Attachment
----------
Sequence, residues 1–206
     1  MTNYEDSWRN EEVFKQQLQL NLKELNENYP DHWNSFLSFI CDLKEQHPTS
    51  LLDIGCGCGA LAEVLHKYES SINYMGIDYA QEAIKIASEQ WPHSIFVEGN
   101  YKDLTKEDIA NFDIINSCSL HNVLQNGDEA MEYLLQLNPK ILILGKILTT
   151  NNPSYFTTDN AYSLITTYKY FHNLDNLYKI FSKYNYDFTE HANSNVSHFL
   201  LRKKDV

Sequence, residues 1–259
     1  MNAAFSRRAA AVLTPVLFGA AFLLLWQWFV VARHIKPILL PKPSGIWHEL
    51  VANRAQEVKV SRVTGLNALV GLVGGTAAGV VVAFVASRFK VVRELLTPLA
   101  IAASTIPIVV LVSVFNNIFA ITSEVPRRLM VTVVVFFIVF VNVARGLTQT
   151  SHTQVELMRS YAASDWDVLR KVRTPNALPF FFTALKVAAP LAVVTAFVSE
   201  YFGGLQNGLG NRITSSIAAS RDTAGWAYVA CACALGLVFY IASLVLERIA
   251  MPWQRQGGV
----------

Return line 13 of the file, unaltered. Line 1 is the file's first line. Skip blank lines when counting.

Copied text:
   251  MPWQRQGGV